Op-Ed by Michael Chertoff, Latha Reddy, and Alexander Klimburg published in Project Syndicate on 16 December 2020.
In their article, they argue that: “Norms are not legally binding rules, where the exact wording is determinative. Rather, they are flexible instruments whose range of possible interpretations can be a strength, not a weakness. They exist precisely because it is often difficult to interpret how existing international law applies in cyberspace, and because most democracies want to avoid being bound by an international treaty that is certain to be inadequately worded and poorly monitored.
The SolarWinds case shows why: In cyberspace, there will always be new techniques devised to fall outside the scope of any specific text. But the attack also shows that considering more norms, even if only as subsidiaries to existing norms, could help clarify precisely which values the international community is trying to reinforce. A norms-based approach not hamstrung by incomplete definitions can facilitate a stronger response to counter and discourage malicious cyber activities. But political will is still needed to follow through and punish these apparent transgressions.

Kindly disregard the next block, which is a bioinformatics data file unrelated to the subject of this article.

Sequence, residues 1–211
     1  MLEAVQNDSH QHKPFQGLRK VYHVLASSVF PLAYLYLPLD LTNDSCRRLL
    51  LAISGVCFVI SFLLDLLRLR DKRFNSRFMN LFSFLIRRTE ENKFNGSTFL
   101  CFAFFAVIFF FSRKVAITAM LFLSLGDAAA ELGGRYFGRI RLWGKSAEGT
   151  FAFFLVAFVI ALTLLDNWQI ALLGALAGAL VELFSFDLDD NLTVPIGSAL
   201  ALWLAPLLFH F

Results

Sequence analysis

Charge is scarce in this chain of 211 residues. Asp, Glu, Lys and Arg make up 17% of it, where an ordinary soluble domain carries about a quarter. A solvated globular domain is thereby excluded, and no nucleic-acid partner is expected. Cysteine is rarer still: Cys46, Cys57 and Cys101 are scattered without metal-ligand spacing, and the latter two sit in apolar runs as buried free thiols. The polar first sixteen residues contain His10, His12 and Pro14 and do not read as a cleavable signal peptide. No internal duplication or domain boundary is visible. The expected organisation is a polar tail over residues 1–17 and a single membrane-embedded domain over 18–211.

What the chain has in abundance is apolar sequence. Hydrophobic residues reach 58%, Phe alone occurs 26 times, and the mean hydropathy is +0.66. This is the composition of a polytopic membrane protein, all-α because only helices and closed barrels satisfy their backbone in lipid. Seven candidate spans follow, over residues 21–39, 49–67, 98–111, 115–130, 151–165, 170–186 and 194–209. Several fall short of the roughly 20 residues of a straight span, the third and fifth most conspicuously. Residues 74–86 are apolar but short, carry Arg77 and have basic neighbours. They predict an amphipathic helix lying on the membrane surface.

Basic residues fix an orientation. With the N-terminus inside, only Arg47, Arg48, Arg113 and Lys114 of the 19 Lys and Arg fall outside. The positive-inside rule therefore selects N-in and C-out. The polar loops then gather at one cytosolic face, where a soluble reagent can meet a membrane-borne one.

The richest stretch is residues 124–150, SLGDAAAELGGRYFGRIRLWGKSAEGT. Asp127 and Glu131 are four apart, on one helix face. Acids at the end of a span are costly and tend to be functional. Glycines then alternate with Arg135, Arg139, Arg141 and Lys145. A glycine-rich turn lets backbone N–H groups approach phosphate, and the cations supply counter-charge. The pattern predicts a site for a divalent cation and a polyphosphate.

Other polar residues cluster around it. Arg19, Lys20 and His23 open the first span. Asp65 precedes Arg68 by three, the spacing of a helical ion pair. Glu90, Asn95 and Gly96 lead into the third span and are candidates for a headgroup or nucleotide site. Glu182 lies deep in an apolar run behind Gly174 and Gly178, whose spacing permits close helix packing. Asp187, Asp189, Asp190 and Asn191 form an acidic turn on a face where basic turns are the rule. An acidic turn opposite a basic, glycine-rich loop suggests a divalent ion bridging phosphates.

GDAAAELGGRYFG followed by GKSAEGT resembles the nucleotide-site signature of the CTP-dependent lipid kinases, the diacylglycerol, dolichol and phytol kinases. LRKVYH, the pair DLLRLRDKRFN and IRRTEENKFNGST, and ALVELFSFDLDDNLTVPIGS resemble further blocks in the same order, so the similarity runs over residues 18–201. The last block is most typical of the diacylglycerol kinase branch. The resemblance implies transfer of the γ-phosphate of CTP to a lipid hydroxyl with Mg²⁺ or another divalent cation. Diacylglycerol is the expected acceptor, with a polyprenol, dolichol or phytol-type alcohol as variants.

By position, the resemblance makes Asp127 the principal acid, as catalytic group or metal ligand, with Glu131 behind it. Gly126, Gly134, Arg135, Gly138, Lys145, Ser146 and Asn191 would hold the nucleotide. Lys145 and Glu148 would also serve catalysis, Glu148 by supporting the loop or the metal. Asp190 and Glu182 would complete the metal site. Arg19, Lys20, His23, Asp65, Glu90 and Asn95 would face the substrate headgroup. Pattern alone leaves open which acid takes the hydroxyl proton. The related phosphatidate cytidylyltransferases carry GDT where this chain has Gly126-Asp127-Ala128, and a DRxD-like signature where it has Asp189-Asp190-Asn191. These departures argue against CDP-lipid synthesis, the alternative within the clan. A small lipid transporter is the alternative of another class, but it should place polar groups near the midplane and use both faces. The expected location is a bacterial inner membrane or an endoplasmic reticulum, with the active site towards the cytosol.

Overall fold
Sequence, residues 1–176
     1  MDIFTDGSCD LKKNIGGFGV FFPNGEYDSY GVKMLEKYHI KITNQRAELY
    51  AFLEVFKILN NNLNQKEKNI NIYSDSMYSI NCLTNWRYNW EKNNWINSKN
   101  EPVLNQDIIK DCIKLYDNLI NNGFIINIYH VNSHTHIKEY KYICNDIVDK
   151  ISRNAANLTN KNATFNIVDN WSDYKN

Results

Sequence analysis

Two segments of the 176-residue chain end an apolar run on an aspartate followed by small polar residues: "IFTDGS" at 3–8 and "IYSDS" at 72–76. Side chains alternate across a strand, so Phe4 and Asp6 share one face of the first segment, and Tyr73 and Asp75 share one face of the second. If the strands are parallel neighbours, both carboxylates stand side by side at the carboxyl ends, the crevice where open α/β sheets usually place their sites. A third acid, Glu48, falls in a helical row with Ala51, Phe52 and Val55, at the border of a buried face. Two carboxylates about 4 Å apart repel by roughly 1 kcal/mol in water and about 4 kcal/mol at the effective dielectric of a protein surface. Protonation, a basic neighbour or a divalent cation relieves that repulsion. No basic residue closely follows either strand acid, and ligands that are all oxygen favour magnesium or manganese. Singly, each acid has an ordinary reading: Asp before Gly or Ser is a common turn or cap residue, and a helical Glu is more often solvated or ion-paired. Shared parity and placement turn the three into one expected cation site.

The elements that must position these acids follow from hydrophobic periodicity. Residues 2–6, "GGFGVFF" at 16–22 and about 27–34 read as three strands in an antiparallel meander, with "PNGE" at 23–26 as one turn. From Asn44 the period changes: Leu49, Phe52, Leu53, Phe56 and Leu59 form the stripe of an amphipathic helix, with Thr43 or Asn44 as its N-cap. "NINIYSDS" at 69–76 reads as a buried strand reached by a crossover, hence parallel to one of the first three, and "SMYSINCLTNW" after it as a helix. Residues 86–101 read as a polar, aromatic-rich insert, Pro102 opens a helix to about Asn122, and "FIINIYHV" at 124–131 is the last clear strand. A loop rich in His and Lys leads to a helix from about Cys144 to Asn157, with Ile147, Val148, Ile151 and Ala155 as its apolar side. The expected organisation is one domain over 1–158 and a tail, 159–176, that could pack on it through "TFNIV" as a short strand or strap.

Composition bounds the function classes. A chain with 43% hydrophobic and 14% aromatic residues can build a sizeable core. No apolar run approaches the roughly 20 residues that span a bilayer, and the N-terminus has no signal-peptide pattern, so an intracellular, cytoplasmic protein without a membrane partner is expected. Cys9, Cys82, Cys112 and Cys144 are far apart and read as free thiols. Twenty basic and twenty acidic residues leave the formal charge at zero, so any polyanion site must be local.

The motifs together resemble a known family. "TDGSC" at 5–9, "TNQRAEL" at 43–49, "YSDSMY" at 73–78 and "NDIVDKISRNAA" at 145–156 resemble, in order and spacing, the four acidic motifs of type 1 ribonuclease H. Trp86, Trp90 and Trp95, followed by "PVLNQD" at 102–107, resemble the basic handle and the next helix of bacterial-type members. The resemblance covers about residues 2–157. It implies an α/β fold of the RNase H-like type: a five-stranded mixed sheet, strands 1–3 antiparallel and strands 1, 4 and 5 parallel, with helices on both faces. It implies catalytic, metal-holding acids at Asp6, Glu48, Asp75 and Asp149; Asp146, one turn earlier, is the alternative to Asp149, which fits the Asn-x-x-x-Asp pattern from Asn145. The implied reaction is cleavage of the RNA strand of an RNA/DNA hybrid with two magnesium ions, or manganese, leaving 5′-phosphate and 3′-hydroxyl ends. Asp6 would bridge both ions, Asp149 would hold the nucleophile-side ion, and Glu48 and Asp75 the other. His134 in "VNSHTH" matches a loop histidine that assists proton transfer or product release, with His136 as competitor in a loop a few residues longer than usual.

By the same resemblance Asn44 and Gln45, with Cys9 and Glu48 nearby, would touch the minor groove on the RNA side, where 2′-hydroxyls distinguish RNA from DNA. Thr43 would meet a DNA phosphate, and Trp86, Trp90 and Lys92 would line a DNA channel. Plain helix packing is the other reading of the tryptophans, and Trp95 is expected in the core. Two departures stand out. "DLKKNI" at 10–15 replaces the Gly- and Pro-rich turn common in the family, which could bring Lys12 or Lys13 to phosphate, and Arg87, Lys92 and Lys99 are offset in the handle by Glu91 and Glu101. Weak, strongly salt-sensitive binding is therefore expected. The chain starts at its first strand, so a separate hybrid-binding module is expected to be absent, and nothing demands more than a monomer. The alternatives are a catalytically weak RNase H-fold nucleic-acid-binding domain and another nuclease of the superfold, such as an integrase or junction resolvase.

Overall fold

The best way to dissuade bad state actors is through collective action that can impose consequences and thus establish customary international law. Ultimately, norms exist to foster and support this type of response where appropriate, not to inhibit it. If we are going to prevent the recent surge in cyberconflict from spiraling out of control, such international action is urgently needed.”
Read the full article at Project Syndicate.